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DeWine wants every public college and university to enact guaranteed tuition rates, which won’t change through their time in higher education.
On the environment, DeWine notes he proposed $900 million — over 10 years — to clean up Ohio waterways, especially Lake Erie.
Setting aside the money now, instead of using bonds, will save $475 million in future interest payments, he said.
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Budget invests more than $500 million for schools to partner with organizations in local communities to help at-risk kids, the governor said.
“This targeted money will give all of Ohio children a chance for a brighter future,” he said.
“Many of our children are suffering great trauma. Many of our children are suffering from mental health challenges.”
This financial commitment raises DeWine’s commitment to nearly $1 billion in new spending.
No other mention so far of K-12 school funding.
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As expected, DeWine is all about “children first” in his budget: combating infant mortality and lead poisoning, and finding homes for foster children.
“We are committed to these kids,” DeWine said.
He notes Ohio is dead last in funding children services, so he wants to increase it by 95 percent.
“It’s wrong, we are changing that with this budget.”
DeWine says the state should invest in a “sustained, multimedia campaign” aimed at keeping young people off drugs, starting in kindergarten.
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First, the important stuff: Yes, DeWine had pie yesterday on pi day: Buttermilk, made of course by his wife, Fran.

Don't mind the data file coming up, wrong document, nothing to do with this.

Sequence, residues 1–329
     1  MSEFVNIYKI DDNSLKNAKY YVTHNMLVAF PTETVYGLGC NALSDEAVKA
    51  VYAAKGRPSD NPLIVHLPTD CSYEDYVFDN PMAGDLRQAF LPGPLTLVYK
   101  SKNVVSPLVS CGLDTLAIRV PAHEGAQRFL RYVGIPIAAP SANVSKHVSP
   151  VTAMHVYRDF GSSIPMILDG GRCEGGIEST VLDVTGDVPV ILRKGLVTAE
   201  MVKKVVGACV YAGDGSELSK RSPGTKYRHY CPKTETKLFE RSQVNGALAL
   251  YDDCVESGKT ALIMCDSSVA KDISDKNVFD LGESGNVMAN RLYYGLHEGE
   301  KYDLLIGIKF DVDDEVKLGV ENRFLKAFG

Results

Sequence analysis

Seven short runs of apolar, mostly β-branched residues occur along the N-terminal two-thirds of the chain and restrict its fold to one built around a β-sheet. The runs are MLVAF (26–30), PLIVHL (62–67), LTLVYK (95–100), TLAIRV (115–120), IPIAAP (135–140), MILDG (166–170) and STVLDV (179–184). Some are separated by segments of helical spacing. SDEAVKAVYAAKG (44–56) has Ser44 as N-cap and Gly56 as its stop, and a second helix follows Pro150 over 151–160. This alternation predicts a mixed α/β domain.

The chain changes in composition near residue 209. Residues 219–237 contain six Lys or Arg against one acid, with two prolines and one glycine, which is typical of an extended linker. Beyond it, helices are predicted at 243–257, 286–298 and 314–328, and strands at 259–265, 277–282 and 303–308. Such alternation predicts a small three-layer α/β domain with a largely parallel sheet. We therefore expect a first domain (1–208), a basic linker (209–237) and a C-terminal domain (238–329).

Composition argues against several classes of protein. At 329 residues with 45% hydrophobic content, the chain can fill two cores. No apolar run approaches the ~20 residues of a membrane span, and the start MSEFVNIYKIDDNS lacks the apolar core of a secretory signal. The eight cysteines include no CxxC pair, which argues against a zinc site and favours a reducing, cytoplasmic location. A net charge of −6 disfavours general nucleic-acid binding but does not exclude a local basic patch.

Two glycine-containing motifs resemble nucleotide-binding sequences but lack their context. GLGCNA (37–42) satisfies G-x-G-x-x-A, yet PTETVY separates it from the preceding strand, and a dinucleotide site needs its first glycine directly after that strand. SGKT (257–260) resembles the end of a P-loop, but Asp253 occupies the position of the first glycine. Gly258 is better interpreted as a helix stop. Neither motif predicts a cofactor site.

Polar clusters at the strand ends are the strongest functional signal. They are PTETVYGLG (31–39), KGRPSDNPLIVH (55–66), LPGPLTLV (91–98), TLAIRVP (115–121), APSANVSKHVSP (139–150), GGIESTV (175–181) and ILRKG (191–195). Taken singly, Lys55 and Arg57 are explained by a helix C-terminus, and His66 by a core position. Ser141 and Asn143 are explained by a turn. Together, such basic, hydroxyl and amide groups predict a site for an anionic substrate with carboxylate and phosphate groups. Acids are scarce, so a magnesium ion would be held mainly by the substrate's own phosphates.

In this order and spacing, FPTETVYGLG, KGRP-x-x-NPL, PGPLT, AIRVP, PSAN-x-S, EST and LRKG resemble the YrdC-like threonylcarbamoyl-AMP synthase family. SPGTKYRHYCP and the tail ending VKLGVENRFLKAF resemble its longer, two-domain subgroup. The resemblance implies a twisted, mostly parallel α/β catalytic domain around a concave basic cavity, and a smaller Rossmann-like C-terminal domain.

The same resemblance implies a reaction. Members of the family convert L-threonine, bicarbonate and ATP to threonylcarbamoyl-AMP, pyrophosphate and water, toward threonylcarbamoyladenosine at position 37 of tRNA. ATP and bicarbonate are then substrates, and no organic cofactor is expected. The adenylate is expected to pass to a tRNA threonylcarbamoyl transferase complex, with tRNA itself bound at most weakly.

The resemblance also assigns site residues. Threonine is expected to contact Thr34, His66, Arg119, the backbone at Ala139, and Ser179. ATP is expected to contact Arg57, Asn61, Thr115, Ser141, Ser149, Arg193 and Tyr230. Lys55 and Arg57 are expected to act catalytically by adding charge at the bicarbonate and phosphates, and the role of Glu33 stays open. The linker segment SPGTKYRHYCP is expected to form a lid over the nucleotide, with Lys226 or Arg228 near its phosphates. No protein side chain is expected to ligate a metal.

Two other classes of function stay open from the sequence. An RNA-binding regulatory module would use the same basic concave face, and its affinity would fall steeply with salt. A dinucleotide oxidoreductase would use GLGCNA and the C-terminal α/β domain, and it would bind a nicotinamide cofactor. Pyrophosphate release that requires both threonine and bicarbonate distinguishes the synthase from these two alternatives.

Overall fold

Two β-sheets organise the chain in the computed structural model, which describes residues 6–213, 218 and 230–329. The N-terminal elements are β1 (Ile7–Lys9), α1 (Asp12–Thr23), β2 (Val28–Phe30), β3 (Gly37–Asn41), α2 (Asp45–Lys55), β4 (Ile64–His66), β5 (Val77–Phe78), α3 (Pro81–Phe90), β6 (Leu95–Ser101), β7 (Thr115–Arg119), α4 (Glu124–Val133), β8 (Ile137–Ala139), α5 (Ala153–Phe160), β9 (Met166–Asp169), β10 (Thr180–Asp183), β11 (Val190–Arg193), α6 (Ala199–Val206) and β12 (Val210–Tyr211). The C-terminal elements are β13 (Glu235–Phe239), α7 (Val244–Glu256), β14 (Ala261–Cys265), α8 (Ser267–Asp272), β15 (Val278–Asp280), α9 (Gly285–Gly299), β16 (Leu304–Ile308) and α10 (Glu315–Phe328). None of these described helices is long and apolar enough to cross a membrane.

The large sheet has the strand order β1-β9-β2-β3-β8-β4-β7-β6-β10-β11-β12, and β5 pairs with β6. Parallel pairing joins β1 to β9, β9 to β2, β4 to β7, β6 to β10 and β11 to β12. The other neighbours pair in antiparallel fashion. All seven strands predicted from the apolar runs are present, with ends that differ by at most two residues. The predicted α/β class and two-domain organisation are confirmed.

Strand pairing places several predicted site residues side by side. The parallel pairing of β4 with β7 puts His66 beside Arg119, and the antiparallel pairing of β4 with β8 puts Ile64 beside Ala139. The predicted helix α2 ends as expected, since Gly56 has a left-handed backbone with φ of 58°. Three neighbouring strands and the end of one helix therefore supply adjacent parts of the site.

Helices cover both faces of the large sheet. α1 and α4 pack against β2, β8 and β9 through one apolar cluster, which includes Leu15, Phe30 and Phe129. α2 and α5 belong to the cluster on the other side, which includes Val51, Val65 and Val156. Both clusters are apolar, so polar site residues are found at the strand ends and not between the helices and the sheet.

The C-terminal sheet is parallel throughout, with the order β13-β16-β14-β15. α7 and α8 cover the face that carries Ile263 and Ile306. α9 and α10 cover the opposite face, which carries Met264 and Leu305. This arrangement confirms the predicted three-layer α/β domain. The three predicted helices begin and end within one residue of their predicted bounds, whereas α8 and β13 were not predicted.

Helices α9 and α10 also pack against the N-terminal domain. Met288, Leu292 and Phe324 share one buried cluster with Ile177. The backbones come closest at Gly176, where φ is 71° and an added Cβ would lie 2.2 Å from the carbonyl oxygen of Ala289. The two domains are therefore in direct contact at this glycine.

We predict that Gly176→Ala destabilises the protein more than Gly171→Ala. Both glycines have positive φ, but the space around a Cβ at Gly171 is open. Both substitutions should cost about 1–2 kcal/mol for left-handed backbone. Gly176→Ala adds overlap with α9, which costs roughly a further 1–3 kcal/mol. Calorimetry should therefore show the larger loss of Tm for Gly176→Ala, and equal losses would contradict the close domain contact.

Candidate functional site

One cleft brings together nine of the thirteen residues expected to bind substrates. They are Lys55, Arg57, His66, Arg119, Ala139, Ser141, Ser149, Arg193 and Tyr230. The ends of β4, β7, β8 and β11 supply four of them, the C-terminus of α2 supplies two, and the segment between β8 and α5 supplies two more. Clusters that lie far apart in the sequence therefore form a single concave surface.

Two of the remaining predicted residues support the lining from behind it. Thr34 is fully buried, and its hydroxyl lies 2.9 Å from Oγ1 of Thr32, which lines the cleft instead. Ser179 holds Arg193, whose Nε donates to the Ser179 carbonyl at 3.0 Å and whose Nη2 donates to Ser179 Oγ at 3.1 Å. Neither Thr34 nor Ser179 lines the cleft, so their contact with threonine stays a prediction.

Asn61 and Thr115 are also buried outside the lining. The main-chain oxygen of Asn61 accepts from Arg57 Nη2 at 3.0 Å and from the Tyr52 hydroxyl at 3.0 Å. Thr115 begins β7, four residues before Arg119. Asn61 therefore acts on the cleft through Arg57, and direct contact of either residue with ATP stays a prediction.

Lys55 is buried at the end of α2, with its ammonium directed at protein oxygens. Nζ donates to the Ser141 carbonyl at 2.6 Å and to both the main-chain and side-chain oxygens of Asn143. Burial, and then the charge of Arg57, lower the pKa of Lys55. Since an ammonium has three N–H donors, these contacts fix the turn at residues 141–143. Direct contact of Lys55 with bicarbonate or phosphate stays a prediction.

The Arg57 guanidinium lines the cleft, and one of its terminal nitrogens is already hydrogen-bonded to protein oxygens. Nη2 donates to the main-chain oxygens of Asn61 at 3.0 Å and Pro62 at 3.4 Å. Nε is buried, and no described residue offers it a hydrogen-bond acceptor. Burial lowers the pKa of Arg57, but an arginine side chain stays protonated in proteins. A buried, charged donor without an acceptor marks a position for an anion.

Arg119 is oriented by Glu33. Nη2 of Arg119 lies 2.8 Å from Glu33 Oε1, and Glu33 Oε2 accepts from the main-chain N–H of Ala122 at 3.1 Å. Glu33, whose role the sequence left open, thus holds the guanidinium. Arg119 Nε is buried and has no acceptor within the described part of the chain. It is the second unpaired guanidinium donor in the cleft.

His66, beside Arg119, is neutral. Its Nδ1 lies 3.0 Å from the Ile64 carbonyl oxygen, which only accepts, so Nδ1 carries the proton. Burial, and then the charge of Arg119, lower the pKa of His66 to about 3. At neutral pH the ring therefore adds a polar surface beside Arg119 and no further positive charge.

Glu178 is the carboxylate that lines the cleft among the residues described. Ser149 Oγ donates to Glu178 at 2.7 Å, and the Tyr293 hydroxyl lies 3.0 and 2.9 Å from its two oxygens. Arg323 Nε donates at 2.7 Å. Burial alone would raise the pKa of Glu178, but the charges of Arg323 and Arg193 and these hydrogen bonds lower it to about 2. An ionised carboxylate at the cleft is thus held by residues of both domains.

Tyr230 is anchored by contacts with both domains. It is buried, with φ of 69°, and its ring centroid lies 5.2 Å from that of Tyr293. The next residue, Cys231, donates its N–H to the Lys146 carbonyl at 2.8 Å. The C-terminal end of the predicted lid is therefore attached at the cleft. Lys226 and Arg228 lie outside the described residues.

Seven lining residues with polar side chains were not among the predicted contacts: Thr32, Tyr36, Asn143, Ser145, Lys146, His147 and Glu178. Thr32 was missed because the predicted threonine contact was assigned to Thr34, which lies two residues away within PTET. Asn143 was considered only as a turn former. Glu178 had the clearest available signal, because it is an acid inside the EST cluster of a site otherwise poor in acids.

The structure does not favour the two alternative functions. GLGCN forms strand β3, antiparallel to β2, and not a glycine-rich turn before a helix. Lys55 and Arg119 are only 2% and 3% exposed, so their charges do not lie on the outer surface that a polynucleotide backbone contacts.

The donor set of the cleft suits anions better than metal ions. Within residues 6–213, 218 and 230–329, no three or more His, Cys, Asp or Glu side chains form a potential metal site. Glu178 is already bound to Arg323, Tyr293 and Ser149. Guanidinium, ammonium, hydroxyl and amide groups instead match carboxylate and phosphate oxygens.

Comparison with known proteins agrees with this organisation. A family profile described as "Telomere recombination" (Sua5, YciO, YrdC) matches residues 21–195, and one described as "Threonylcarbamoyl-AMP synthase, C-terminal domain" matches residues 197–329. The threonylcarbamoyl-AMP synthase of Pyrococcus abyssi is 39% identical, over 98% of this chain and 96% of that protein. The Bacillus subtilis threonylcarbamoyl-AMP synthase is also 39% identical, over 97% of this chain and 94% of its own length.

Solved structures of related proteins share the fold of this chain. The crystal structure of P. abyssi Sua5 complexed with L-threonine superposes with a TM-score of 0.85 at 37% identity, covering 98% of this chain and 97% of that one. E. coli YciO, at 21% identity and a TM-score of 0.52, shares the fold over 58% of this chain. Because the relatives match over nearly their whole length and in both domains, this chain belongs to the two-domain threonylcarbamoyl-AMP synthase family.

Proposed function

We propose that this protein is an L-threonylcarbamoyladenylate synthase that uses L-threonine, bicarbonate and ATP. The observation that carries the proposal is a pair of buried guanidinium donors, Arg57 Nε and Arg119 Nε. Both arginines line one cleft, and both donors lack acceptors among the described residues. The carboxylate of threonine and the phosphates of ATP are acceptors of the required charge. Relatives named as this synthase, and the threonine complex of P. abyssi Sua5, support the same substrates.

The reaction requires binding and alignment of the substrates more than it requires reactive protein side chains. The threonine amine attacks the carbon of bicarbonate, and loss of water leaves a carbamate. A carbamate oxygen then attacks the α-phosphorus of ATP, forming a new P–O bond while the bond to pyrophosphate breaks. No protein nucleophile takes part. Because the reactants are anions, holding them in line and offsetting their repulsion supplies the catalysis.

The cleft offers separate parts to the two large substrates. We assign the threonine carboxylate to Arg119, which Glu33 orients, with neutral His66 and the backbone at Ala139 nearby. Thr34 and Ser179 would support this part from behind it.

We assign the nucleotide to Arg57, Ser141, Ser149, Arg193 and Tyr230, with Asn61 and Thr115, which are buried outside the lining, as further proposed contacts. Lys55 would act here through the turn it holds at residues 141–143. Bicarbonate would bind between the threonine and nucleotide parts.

DeWine emphasizes the new budget contains “no new taxes.”
He called in “a balanced, conservative approach that will continue to yield returns decades into the future.”
The DeWine budget is called Investing in Ohio’s Future.
That means, DeWine said, investing in things that we know work.
“This is a prudent, long-term investment in our future.”
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What we know going in: The additional spending outlined by DeWine in days leading up to today’s rollout totals nearly $445 million over the next biennium.
Proposals unveiled so far:
• Funding up to $900 million over 10 years for the new H2Ohio fund to help protect Lake Erie from farm-nutrient-fed algal blooms and preserve the quality of other waterways that feed Ohio water supplies.
• Adding $74 million annually for family and children services to help improve a system choked with foster children whose parents are addicted to opioids and other drugs.
• Spending $50 million to triple home-visitation programs in which counselors work with pregnant women and new mothers, babies and young children to help reduce infant mortality and improve school readiness.
• Providing an extra $24 million to cover the health-care needs of children poisoned by lead paint and setting aside $10 million in Medicaid funds to help abate lead in afflicted homes.
• Handing $22 million in new “crisis stabilization” funding to county mental health and recovery boards to spend on services such as respite care and transitional housing.
• Spending $7.5 million to create 30 more “specialty docket courts,” typically “drug courts” that divert low-level offenders to local treatment instead of county jails and state prisons.
• Granting a 10 percent, nonrefundable state income tax credit to individuals who invest to build business and boost employment in job-hungry, low-income Opportunity Zones carrying federal tax incentives.